This spectacular chart by NAB Chief Economist Alan Oster shows the relationship between house prices and borrowing capacity, the ability to service loans, of Australians in the six capital cities.
Oster, as an econometrician, has built a model with the hypothesis that Australians love property and want to borrow as much as possible to buy a home. This would drive prices.
Not much room for argument there.
The model that results measures the deviation of house prices on average from a borrowing ability embedded in average lending standards across the market.
Prices are currently way below household borrowing capacity, so no stretched conditions or bubble here.
The chart shows a lot of room for rises. House prices could be at the start of what could be an explosive move upwards.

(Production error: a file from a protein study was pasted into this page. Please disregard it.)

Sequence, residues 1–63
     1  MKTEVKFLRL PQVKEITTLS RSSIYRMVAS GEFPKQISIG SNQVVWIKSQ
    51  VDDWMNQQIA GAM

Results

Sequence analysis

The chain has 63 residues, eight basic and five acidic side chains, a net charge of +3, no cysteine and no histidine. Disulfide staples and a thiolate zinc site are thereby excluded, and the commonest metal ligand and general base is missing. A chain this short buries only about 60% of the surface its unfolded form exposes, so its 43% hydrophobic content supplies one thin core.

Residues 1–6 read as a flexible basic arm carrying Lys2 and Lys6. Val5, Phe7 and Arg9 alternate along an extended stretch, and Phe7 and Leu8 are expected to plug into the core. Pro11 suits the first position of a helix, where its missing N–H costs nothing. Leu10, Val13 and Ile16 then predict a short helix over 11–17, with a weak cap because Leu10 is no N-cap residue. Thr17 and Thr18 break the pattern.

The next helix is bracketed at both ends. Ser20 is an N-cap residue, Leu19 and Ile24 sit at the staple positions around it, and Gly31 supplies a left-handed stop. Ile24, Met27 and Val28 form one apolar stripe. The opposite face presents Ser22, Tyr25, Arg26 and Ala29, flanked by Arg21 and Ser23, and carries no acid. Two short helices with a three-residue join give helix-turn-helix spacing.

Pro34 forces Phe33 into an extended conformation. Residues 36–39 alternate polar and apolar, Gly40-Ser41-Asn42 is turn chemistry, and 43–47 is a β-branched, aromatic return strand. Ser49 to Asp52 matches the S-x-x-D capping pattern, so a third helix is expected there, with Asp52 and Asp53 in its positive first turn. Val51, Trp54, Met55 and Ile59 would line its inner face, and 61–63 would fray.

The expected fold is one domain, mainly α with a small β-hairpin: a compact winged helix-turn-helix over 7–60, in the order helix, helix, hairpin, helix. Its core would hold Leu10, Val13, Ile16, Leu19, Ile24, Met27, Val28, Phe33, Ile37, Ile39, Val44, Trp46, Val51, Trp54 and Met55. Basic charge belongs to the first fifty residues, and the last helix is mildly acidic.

Business Insider asked Oster what he thought the chart signalled and he said that there was no housing bubble, and:
It suggests if anything house prices could go up 12% on average across Australia (or 20% in Sydney) and it would just bring relationships back to historical norms (as per the early 1980s)
But he added an important caveat: a move like that “supposes consumers want to gear up like they used to. Clearly they don’t.”
Australian consumer behaviour has, at least for the moment, changed.
At the Customer Owned Banking Association conference in Melbourne, Oster also showed a chart of the stickiness of the household savings rate since the GFC which, taken with this housing story, paints a picture of Australian households still hunkered down and wary of debt and spending.
Once the economic sunshine comes out again – or at least if Australian families feel more relaxed about borrowing more – that’s when house prices might really rocket.